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Court proceedings: New rule on instruction Counsel

Under a ruling that has been issued by the Dean of the Faculty of Advocates in Scotland, counsel will no longer need to have a solicitor with them when instructed to appear in civil courts and tribunals. Traditionally, an agent of the client, normally the client’s solicitor, had to be in court when counsel appeared, in case an issue arose on which counsel required immediate instructions. The new ruling enables counsel to appear without a solicitor, provided adequate instructions have been given. It will, of course, still be open to solicitors to accompany counsel when this is considered necessary. According to the Dean of the Faculty, the new ruling was influenced by modern communications which mean that counsel can contact their instructing solicitors quickly when required.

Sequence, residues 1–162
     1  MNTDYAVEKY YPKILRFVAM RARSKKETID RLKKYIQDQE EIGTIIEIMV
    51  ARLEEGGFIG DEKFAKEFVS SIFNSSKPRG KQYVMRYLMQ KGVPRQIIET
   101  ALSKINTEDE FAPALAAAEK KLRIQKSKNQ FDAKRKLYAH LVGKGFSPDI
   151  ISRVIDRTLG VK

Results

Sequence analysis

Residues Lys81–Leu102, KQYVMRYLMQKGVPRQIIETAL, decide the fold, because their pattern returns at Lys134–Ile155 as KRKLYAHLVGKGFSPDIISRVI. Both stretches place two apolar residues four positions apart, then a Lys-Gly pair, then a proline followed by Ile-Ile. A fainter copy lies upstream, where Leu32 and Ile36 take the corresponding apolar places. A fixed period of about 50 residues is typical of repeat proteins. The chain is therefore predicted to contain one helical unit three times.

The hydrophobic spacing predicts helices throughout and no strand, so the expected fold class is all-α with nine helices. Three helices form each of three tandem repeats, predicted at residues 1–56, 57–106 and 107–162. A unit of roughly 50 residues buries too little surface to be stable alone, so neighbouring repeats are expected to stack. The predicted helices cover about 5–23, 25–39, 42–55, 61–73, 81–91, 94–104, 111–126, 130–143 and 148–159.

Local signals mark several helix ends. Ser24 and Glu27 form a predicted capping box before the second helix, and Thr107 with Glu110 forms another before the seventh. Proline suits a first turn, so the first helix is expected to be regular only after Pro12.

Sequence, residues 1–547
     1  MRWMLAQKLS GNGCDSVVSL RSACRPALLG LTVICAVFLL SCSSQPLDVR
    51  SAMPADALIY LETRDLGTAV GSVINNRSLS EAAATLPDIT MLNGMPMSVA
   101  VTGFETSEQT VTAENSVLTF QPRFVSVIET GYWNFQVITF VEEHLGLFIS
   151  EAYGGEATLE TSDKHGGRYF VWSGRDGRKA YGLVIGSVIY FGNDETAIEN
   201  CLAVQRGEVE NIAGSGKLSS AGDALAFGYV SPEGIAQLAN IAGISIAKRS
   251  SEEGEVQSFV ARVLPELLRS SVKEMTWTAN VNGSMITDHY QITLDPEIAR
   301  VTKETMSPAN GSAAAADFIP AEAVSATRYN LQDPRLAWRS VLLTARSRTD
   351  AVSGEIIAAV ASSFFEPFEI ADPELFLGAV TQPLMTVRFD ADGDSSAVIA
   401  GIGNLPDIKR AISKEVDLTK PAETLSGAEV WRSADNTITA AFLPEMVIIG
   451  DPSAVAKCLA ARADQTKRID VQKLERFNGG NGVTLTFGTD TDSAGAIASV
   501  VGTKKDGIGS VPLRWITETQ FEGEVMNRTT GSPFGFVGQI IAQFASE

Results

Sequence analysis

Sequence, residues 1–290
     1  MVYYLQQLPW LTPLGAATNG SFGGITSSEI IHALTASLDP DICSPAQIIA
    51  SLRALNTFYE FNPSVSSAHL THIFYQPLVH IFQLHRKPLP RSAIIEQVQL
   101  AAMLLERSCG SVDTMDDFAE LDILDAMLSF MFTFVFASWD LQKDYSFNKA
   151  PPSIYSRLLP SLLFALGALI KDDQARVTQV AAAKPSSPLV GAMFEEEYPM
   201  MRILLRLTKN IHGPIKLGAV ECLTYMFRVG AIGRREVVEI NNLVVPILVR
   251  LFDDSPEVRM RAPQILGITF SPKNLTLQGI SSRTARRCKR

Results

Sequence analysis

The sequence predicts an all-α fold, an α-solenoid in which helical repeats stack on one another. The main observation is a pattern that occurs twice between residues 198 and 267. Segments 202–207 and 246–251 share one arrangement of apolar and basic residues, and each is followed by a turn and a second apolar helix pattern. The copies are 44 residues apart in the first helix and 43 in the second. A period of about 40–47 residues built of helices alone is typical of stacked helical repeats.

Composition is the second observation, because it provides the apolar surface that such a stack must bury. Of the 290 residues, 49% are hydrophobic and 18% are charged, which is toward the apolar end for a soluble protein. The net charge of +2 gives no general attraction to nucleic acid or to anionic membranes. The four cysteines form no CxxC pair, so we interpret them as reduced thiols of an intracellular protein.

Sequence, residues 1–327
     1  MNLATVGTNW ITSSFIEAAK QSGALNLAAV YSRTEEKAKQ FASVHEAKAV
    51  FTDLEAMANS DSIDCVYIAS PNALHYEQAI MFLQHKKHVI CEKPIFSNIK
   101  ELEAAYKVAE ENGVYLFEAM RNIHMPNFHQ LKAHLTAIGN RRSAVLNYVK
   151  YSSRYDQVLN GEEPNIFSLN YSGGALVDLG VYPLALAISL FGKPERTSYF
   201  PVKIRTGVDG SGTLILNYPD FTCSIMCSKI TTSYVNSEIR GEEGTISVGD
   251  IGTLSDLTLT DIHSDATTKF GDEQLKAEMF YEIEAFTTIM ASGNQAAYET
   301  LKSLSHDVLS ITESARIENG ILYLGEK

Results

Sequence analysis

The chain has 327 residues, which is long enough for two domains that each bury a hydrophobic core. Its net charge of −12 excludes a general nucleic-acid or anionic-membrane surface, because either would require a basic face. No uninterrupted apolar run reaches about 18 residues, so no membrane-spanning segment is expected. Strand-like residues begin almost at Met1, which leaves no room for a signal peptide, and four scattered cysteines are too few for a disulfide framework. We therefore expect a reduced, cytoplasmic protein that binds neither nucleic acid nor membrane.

The ruling is a significant development and it has been estimated that it could lead to savings of several hundred pounds a day for clients involved in court hearings as they may no longer have to meet the cost of an accompanying solicitor, in addition to counsel’s fees.

The new ruling came into effect at the start of the new legal year on 24th September and brings the position in Scotland in line with that in England and Wales.

By Catherine Hart

This information is intended as a general discussion surrounding the topics covered and is for guidance purposes only. It does not constitute legal advice and should not be regarded as a substitute for taking legal advice. DWF is not responsible for any activity undertaken based on this information.